Inland Waterways: Lagos gives boat operators, dredgers seven-day ultimatum to comply with laws

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The Lagos State Government on Tuesday issued a seven-day ultimatum to boat operators, dredgers and stakeholders in the inland waterways sector to comply with laws, rules and guidelines concerning their operations or face stiff sanctions.

Addressing a press conference in Lagos, the state government said it was ready to enforce regulation of waterfront infrastructure development and all connected purposes, and urged boat and dredging operators to cooperate with it to sanitise the sector.

The government had stated last week that a Lagos Division of the Court of Appeal had handed over to it power to control the inland waterways within the state. But the National Inland Waterways Authority, NIWA, described the claim as untrue.

According to the NIWA, the appellate court only gave the government power to legislate on intra-state waterways, which are waterways that originate and end within the state.

But on Tuesday, the state Attorney-General and Commissioner for Justice, Adeniji Kazeem, said the state government was pleased with the “clear” judgment which he described as unambiguous and a victory for resource control and fiscal federalism in Nigeria.

The press conference was jointly addressed by the Commissioner for Information and Strategy, Steve Ayorinde; Commissioner for Waterfront Infrastructure Development, Ade Akinsanya; Managing Director of Lagos State Waterways Authority (LASWA), Abisola Kamson; and the Chief Executive Officer of Lagos State Ferry Services, Paul Kalejaye.

Mr. Kazeem said there had been varied attempts by those who lost out, especially the National Inland Waterways Authority (NIWA), to whittle down the effect of the appellate court judgment.

He said in as much as the state government was not out to antagonise or fight anybody, it would however be “uncowed, unbowed and fiercely protect the God-given resources within the state and never relent in championing the cause of true federalism in the country.”

Reacting to claims by NIWA that the judgment did not favour the state government, Mr. Kazeem said the quest by the federal agency to keep on controlling the resources of the state from Abuja despite the judgment was totally absurd and cannot stand when viewed from moral, legal and economic grounds.

He said the same NIWA that claimed on the one hand that the judgment did not favour the state government, had also indicated interest to appeal, and queried the intention of the agency in seeking to take the resources of the state.

“Looking at the import of these laws which you can find in the constitution is that the Federal Government controls maritime and international navigation which is to clear the high seas for international carriers to be able to move freely,” Mr. Kazeem said.

“In so far as bodies of water within a state do not obstruct those international routes, those bodies of water within the exclusive preserve of the state are left to their control and that is what that Appeal Court judgment affirmed. It said clearly that the Lagos State House of Assembly has powers to legislate on its intra-inland waterways and the LASWA Law is very clear about its powers and authority to control boat operation.

“You can imagine that a federal government agency in Abuja intend to control how boat operators operate here. This is just the same thing as saying that the federal government agency should control the buses that ply your road. If you say you have a right to control land transportation, should you not have right to control water transportation?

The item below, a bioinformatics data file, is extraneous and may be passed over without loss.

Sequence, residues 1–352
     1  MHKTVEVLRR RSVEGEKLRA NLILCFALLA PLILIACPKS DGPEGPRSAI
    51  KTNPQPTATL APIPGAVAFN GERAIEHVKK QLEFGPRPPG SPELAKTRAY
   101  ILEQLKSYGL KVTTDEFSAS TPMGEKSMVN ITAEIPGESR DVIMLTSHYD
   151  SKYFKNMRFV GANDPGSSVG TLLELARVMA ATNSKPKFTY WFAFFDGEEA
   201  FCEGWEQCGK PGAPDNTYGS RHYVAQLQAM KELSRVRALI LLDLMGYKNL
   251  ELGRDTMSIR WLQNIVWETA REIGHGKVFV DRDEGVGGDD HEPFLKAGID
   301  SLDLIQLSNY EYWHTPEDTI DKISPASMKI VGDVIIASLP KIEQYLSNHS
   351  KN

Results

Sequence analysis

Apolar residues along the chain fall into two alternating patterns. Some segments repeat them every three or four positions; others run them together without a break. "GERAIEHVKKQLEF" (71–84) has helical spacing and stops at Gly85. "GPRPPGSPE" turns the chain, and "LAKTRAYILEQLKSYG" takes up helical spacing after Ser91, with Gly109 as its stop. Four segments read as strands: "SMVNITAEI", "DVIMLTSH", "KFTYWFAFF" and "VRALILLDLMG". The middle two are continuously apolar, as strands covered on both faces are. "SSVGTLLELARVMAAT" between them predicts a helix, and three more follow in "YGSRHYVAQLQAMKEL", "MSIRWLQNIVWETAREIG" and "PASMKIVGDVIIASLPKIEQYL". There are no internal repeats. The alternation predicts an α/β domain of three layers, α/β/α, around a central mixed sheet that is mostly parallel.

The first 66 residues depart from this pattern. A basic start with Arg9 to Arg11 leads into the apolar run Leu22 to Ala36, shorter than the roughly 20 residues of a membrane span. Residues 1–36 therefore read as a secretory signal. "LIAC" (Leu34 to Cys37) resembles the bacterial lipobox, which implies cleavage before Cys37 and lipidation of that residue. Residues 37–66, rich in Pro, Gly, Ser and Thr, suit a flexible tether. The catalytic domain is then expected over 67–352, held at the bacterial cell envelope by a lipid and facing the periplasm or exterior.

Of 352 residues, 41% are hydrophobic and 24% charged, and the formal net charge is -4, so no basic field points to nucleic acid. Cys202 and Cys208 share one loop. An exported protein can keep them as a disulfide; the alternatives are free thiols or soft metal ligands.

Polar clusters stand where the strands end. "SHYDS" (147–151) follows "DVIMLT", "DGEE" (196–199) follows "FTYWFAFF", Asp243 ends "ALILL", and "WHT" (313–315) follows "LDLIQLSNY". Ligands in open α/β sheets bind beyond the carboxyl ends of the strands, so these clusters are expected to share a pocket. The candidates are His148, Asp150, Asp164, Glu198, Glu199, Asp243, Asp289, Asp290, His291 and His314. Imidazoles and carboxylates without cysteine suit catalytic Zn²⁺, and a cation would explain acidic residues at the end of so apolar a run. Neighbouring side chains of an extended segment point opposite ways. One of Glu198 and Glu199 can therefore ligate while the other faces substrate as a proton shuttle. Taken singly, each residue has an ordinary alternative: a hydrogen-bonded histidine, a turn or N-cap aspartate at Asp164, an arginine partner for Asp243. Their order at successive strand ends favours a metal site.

“Secondly, if you have a coastline that is very important to you and then some people are eroding that coastline by unregulated dredging cutting into the coastline, causing flooding, causing environmental nuisance and then you say that an agency that is situated in Abuja should control that, that is absurd. So, on a moral, on a legal, on an economic standpoint, it is not right,” Mr. Kazeem said.

He added that in this age of very lean resources, the judgment was a breath of fresh air for internally generated revenue, and it would also help the state government to restore the environment and control the menace of flooding, while also falling in line with the promise of Governor Akinwunmi Ambode to make Lagos work for all by recovering and harnessing the resources of the State for benefit of all.

“If it is the wish of NIWA to challenge the right of LASG to control its resources at the Supreme Court, we say we are ready. However, until this judgment is set aside, it remains good law and will be fully enforced by the LASG and my office and the relevant government agencies,” Mr. Kazeem said.

Also speaking, Mr. Akinsanya said with the judgment, the government would now enforce relevant laws to ensure balance between economic development and preservation that would permit the beneficial use of waterfronts while preserving the diminution of open space areas or public access to the waterfront, shoreline erosion, impairment of scenic beauty or permanent adverse changes to ecological system, as well as the guidelines for sand dredging and auxiliary operations, including evidence of Environmental Impact Assessment (EIA) and Bathymetric/sand search reports before any project is allowed on the waterways.

On her part, Ms. Kamson urged all stakeholders to take full advantage of the seven-day ultimatum to regularise their operations and activities, revealing that the reforms aimed at achieving integrated, intermodal water transportation system would now be vigorously pursued in the state.


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